It was the early 90s and Nigeria had just fallen under the military regime of General Sani Abacha. The uncertainty and anxiety in the air threw Nigerians into panic as the military started throwing people into jail. In the ensuing confusion, a lot of foreign businesses made their exit from Nigeria, including EMSA where Tonye Cole worked as Director of Operations.
Overnight, Tonye realized that his juicy job was gone. EMSA had signed off all the contracts and instructed Cole to liquidate all its assets. There would be no more comfortable salary with corporate incentives as perks, and he had to face the same uncertainty many others had to deal with. Amid this situation, Cole stayed and slugged it out, building Sahara Group out of these rubbles.
This week’s profile focuses on Tonye Cole, the energy mogul whose name has now become synonymous with Sahara Group.
Tonye was born on January 11, 1967, in Port Harcourt city in present-day Rivers state, to Mr Patrick Dele Cole (former Ambassador of Nigeria to Brazil and one-time Managing Director of the Daily Times Newspaper).
Education and career
He started his early education in Port Harcourt, before moving to Lagos where he attended Corona School, Victoria Island and King’s College, Lagos. He moved to the United Kingdom to continue his education at King’s School, Ely, Cambridgeshire.
He has a bachelor’s degree in Architecture and Engineering from the University of Lagos, a Portuguese Certificate from Universidade de Brasilia, Brazil, and also did the Advanced Management Program at the Harvard Business School. Cole further showed his love for education when in 2018, and already in his fifties, he enrolled at the National Institute for Policy and Strategic Studies (NIPSS), Kuru, Jos, for a course in public policy.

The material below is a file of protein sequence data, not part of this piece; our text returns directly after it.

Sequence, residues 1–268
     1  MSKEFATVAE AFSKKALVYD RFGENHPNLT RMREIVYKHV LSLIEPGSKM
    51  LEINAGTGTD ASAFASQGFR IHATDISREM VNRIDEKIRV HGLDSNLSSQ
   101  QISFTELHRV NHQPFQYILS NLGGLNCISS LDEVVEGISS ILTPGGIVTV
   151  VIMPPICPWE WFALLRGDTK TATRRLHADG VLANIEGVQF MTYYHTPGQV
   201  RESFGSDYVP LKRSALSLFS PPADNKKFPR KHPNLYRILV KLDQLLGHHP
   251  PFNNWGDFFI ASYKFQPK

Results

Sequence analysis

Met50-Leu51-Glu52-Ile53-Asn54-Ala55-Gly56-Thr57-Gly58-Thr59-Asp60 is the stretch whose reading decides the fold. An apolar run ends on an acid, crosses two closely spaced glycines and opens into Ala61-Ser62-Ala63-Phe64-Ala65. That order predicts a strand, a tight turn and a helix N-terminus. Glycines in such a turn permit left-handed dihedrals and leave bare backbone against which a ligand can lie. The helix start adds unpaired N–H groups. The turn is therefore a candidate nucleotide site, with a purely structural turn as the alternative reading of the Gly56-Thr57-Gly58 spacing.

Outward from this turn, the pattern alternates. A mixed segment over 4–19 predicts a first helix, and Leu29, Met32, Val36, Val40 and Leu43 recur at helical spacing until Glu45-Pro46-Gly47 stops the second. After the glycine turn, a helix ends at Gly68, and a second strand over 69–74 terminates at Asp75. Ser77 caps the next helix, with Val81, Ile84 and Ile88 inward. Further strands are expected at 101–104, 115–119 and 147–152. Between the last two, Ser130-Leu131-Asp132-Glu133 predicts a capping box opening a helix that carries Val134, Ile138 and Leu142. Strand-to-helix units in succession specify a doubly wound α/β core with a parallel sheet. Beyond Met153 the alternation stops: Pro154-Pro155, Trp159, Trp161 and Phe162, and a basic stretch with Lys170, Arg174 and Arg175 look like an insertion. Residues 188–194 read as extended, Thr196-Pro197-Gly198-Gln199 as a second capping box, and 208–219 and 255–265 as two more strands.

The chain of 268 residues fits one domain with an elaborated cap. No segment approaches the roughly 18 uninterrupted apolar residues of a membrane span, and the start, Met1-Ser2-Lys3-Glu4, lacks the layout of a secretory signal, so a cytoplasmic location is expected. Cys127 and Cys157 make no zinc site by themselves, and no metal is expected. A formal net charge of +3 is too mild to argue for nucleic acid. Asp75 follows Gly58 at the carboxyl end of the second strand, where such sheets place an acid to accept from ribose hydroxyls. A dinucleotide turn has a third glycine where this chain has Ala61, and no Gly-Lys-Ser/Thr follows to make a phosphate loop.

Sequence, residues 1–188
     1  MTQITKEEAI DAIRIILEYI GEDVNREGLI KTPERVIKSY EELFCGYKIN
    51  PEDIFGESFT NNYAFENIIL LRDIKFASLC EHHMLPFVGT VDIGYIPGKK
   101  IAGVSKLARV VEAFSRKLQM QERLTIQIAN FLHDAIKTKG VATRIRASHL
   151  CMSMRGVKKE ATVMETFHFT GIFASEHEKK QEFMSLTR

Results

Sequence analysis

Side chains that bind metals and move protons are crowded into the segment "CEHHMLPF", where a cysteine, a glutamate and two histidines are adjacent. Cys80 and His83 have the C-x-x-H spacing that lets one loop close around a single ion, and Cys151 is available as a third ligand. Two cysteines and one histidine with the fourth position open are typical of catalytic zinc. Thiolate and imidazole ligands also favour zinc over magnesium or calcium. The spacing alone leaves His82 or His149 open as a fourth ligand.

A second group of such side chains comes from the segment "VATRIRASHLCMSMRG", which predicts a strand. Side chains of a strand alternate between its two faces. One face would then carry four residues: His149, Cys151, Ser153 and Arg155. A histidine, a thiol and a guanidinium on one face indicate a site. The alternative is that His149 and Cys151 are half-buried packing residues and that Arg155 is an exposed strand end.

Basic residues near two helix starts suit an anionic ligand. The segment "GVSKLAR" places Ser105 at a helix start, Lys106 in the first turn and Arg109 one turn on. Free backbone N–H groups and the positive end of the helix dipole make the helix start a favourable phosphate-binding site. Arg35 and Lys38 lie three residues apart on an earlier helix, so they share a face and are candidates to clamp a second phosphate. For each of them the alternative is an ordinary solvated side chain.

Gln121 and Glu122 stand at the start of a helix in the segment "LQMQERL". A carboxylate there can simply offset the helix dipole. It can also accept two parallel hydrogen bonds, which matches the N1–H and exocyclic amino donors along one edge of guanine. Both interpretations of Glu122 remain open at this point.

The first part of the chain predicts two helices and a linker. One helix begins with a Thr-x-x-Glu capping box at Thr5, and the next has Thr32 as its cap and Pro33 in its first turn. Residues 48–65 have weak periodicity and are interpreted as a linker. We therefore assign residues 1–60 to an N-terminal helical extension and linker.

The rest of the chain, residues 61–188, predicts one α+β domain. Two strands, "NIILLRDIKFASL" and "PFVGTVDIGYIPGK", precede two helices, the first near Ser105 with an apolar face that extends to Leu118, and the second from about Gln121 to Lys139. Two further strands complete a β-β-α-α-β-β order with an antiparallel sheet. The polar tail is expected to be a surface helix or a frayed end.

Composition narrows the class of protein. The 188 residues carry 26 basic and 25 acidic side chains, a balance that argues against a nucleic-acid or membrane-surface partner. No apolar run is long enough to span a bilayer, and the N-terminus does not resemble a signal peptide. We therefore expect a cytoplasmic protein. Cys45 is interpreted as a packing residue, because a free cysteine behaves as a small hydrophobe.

The choice to study architecture was not predetermined but Tonye recalls that he settled for it because it was more aligned with most of the subjects he had taken for his O-levels in secondary school. However, when he started it, he discovered that it was perfectly suited for him because it tasked the imagination.
While at the University of Lagos, Tonye already fancied himself an entrepreneur and set up a business where he created architectural drawings and designs for different companies and teachers, as well as perfecting their existing designs. However, his father prevailed on him to travel to Brazil for further studies and so he had to leave it all behind.
Right after his education, Cole joined a Brazilian architectural firm, Grupo Quartro SA, in Goiania Brazil, as an architect, and worked there from 1990 to 1992. There, he oversaw major constructions such as the new Palmas city developments in Tocantins, Brazil.